But the alcoholism had really taken hold. "I started drinking again, and instead of being better it was worse." The new job was 35 miles away. She began swigging vodka in the car on the way home. Soon she couldn't even wait until school was over for the day: she kept a bottle in the glove compartment of her car and would drive at lunchtime to have a drink, claiming to be at the supermarket. She describes 1993 as "hell". "I was more often off school than I was there. I couldn't give a toot about the teaching, but I still cared about what people thought about me."
Whatever they thought, nobody commented, at least to her face. "I was always the life and soul of the staffroom. On the surface, relations with my colleagues were very good, but I don't know what they were saying behind my back. I would come in hung over and very quiet. Then in the afternoon I'd be high as a kite. There were times I could have hit a child, although, thank God, I never did. As far as I can remember."
It is alarming for the children Deborah taught that nobody spotted her alcoholism and kept her out of the classroom. But for her it was no bad thing. In her lucid moments, work was the source of a slender self-respect. So when the school principal didn't renew her contract at the end of the year, Deborah's despair deepened. Now unemployed, she began drinking every day, with frequent blackouts.
She left her house to drink, first to avoid visits from her concerned parents then because her husband threw her out. She fell down drunk in bars, stalked a woman she wished to befriend, accosted people, picked fights, drank in public lavatories and on park benches. "I was so ashamed," she says quietly. "It drove me even deeper."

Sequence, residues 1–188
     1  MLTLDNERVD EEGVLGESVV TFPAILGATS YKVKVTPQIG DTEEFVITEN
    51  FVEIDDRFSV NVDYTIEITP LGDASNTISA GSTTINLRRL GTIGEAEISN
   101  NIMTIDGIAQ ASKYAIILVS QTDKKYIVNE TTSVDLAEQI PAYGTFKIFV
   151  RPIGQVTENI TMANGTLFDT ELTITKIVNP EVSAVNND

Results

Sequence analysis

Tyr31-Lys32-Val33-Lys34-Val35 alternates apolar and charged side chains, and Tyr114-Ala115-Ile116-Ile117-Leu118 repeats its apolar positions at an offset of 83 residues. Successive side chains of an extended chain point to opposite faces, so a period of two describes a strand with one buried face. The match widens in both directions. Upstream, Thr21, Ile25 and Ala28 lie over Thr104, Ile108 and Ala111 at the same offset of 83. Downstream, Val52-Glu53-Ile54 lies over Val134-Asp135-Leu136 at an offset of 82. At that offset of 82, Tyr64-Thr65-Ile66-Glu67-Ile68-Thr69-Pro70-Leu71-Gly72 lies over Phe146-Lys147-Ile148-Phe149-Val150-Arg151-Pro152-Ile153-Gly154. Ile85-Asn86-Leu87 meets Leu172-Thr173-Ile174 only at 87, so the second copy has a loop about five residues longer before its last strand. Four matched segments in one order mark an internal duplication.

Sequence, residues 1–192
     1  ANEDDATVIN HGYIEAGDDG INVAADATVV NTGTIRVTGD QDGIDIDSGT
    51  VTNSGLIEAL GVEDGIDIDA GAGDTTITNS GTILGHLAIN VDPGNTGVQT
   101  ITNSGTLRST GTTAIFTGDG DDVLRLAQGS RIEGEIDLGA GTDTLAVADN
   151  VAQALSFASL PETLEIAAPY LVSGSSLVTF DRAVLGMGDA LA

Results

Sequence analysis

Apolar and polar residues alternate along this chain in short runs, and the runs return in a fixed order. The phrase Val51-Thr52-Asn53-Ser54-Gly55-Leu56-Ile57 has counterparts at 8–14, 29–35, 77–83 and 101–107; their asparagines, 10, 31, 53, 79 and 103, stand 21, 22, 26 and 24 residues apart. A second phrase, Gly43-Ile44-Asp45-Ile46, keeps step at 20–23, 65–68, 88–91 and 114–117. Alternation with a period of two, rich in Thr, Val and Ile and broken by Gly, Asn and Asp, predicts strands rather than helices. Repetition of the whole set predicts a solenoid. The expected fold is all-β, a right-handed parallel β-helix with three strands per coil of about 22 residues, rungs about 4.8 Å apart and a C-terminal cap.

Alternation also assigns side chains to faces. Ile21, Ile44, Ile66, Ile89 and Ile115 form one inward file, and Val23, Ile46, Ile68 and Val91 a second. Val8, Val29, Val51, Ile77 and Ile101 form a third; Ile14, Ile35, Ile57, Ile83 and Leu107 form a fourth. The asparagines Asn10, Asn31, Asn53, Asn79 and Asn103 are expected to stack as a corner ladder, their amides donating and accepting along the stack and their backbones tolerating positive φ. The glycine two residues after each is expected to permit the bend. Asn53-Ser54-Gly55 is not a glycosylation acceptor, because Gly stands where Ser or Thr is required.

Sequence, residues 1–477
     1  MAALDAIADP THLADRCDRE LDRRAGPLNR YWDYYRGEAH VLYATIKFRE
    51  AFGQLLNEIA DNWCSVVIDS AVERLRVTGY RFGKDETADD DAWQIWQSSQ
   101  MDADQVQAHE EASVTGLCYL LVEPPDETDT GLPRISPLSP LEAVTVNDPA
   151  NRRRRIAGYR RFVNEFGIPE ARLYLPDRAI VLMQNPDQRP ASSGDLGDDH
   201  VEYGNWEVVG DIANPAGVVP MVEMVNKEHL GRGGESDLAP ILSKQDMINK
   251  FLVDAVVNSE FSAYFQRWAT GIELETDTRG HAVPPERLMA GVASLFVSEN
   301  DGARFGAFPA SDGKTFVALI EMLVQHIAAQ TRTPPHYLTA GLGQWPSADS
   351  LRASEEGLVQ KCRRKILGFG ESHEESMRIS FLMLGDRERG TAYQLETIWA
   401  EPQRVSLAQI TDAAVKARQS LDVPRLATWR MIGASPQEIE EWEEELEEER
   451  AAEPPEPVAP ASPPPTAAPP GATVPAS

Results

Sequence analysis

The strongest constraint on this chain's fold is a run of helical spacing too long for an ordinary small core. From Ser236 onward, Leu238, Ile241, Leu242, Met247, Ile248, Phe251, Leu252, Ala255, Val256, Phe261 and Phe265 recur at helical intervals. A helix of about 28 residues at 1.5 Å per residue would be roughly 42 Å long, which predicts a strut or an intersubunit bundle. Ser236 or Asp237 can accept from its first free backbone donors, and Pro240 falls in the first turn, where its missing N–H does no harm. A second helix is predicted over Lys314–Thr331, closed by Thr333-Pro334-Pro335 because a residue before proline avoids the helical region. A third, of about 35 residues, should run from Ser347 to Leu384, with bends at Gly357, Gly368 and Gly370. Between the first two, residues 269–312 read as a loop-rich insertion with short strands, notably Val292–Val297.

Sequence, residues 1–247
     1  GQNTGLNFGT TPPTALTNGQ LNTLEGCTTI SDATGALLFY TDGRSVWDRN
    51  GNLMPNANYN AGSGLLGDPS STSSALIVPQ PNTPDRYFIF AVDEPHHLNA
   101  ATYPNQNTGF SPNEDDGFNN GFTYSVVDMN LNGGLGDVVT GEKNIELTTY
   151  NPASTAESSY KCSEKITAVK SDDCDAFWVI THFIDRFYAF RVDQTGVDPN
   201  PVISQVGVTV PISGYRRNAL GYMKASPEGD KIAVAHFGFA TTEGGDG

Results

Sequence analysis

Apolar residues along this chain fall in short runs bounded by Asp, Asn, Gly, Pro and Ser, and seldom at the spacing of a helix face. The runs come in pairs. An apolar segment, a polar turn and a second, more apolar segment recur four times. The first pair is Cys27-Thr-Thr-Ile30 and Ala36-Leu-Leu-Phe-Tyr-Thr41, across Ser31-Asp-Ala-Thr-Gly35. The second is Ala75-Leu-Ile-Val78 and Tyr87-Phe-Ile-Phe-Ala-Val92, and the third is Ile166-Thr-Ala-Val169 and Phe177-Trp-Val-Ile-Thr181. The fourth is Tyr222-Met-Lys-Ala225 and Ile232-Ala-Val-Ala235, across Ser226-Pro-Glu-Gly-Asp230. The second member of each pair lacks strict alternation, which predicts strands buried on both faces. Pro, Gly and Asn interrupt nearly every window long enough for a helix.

Incredibly, at this lowest of points, she got another job in special needs. She attended two interviews, drunk both times, and was offered the post. She resigned after nine days, totally unable to cope. Her husband told the head she had "nervous problems". She was barred from most of the pubs in Belfast by this time, so angry and pugnacious was she. But not from any schools. Occasionally, even after this, she still "subbed", going into schools like a fugitive.
"I had the odd moment of sobriety and the odd day teaching," she remembers. "Because I needed the money I would go in, sobered up, in a few clean clothes. I'd go for a walk at lunchtime. I was scared to open my mouth because I didn't want them to know anything about me. I'd pick schools I hadn't been to - that made it easier."